It’s amazing how well the title “Good on Paper” fits this new Netflix comedy from first time director Kimmy Gatewood. The film is written by and stars stand-up comic Iliza Shlesinger who has the big personality and snappy wit you often look for in good comedies. But “Good on Paper” is exactly that – an idea for a movie that probably sounded great during conception but that falls apart on screen. It’s a shame because it begins with a fair amount of promise.
Shlesinger plays Andrea Singer, a fairly successful stand-up comic trying to break into acting but getting nothing but rejection from her countless auditions. On a flight back to Los Angeles she meets Dennis (a hunky Ryan Hansen sporting nerdy glasses and a bad comb-over in an effort to make him look homely). He comes packaged with some pretty attractive qualities. He’s a Yale graduate, has a high-paying job as a hedge fund manager, and owns a big house in Beverly Hills. The two instantly hit it off and begin spending a lot of time together in LA.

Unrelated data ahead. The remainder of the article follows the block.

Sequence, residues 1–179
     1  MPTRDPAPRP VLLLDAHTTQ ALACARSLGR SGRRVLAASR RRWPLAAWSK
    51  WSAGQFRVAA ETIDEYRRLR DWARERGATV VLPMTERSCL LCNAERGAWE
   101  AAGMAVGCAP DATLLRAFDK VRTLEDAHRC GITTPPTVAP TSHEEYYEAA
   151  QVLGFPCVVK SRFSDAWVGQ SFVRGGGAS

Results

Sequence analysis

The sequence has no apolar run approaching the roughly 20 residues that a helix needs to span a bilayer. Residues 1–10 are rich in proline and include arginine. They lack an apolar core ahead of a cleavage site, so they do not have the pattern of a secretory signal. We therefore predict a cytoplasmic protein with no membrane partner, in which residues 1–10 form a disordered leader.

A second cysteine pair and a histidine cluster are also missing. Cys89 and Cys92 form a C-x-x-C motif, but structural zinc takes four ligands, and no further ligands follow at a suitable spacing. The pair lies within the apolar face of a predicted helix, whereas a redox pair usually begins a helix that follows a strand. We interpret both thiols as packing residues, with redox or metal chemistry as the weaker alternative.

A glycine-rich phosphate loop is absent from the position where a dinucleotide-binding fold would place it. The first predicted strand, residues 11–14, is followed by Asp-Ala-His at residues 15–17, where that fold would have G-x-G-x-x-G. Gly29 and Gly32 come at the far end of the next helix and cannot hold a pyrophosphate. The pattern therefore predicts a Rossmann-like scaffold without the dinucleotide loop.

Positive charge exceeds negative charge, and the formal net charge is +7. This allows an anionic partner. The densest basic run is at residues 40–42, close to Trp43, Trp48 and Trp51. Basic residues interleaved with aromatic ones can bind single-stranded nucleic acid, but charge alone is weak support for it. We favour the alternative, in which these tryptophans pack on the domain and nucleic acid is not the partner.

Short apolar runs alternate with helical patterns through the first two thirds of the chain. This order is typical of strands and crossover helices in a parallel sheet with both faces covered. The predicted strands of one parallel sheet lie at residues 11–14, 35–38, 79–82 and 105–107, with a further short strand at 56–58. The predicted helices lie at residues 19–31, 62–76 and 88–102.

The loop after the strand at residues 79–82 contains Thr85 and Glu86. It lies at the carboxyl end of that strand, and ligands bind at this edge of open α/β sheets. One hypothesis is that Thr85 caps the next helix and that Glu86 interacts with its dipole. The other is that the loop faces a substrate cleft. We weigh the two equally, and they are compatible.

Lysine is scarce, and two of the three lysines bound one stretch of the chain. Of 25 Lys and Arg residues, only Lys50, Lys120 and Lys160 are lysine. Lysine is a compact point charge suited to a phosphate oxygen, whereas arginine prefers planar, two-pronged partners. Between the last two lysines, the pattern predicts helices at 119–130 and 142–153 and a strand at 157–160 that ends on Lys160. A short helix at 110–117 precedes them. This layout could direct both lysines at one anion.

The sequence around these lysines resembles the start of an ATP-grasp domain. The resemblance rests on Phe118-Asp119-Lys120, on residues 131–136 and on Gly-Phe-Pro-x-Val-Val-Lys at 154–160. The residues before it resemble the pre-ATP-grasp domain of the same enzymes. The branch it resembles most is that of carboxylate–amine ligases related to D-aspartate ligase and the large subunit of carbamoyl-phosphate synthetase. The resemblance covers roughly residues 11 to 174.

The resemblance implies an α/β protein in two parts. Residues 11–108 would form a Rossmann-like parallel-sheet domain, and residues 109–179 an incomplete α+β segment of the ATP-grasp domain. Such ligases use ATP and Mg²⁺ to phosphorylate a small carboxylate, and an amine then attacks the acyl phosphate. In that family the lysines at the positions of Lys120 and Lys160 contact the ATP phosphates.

It doesn’t take long for us to notice that Dennis is clearly smitten, but to Andrea their relationship is purely platonic. Of course the more they’re together the closer they become and the awkward yet inevitable romance blossoms. But to the film’s credit this isn’t a prototypical romantic comedy. And as the two friends slowly morph into a couple, Andrea begins noticing cracks in Dennis’ story. Is he really who he says he is? Did he really go to Yale? Does his mother have cancer? Did he ever really have a supermodel girlfriend?
Then the movie starts to fall apart. Andrea’s state of oblivion is mind-boggling which does no favors to the character. We can certainly see enough to figure things out. Even the suspicions of her best friend Margot, a brash stock character of a sidekick played by Margaret Cho, falls on deaf ears. By the time it all finally comes to a head the story has completely unraveled into a weirdly out-of-tune mess that doesn’t seem sure of what it wants to be. And the final act is painful to sit through, taking several wacky turns, throwing out some jarringly unnatural dialogue, and giving us some cringe-soaked scenes that resemble really bad sketch routines.
By the end it’s really hard to buy into anything “Good on Paper” is selling. Outside of the first 30 minutes, nothing about the film feels remotely authentic from its flaky characters to the unconvincing relationships. And while it tries, the movie has nothing especially meaningful to say about single life or dating. I ended up unsure of what the movie was other than a showcase for Shlesinger who certainly has the comedic chops. She just may want someone else to write the material next time around. “Good on Paper” is now streaming on Netflix.